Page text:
As Nadin and Roberts (2018, p. 8) note, the governance of transboundary climate risk is beset by “fundamental political barriers, such as questions of sovereignty, jurisdiction and responsibility.” The inherent cross-border nature of transboundary climate risks, the diversity of ways in which they manifest and the sheer number (and multistakeholder nature) of potential actors involved make it hard to identify who is the “owner” (Young et al. 2015) of such risks, both within and across national contexts. In some cases, transboundary climate risks may not be “owned” at all; in other cases, there may be a form of what Young et al. (2015, p. 29) term “unacknowleged ownership”—where some forms of governance exist to manage the risk, but without being explicitly defined. Even in cases where transboundary climate risks are known, ownership is likely to be multilayered: numerous potential “owners” each with their own agendas, bound by different governance arrangements and influenced by disparate practices of risk assessment and management5 [see Young et al. (2015) and Florin and Bürkler (2017) for further elaboration of the complexity of risk ownership and management].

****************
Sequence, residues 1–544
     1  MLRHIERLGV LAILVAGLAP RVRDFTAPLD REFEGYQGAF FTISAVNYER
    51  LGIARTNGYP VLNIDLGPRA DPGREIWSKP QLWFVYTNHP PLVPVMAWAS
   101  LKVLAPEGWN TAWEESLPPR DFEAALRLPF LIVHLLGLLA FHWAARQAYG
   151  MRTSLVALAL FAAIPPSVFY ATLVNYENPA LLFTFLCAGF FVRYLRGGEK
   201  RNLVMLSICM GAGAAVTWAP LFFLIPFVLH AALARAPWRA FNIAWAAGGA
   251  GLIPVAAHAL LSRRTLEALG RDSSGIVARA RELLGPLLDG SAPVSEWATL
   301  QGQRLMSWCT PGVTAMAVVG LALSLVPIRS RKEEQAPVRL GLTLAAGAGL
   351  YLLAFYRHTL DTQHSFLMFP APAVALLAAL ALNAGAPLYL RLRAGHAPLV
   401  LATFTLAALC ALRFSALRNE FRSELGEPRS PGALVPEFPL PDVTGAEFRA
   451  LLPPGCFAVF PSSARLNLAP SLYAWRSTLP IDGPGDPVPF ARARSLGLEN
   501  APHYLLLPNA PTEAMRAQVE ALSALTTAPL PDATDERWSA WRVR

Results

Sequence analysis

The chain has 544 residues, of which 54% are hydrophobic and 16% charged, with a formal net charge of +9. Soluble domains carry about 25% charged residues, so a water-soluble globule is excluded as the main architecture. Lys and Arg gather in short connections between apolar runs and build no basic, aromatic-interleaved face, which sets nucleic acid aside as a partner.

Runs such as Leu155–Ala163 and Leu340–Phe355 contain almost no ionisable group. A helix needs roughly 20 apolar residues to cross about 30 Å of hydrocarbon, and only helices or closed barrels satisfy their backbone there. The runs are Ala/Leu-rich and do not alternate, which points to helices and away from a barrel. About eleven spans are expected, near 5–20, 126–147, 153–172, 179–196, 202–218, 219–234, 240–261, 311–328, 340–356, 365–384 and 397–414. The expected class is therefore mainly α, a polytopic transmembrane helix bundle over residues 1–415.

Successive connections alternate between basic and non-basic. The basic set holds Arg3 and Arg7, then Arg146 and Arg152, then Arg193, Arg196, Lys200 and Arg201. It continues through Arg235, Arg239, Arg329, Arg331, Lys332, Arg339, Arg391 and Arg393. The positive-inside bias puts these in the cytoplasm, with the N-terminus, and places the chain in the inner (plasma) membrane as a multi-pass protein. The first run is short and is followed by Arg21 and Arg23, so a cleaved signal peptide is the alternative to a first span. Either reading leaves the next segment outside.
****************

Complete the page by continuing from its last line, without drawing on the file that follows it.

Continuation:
The lack of clear ownership means there is no one to push for research on adaptation to transboundary climate risk. This appears to be a challenge reflected in many national adaptation plans and (intended) nationally determined contributions, which increasingly recognize transboundary climate risk (Nadin and Roberts 2018) but rarely attribute ownership or accountability for designing an adequate response (Benzie et al. 2016).